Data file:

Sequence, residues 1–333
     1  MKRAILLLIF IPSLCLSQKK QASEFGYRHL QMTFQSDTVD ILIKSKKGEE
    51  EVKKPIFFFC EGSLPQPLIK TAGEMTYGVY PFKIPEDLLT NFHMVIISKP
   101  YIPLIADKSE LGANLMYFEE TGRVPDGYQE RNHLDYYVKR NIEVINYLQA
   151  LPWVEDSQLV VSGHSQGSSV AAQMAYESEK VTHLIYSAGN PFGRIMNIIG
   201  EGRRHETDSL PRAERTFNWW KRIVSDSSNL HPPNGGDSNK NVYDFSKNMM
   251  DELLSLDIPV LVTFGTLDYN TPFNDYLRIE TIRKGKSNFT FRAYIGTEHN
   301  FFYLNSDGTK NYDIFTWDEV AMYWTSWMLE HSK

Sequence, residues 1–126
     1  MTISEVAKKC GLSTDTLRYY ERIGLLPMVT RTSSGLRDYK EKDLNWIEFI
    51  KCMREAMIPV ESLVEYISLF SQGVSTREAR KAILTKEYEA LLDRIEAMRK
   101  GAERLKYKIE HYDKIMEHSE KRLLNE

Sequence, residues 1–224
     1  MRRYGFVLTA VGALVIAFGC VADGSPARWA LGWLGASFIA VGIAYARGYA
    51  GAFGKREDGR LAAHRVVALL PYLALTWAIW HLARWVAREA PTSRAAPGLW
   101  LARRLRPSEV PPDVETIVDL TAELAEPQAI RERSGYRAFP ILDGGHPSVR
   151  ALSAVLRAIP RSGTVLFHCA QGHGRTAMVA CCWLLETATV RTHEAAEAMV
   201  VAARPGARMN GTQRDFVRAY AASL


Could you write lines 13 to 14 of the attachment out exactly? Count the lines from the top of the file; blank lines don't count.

Sequence, residues 1–224
     1  MRRYGFVLTA VGALVIAFGC VADGSPARWA LGWLGASFIA VGIAYARGYA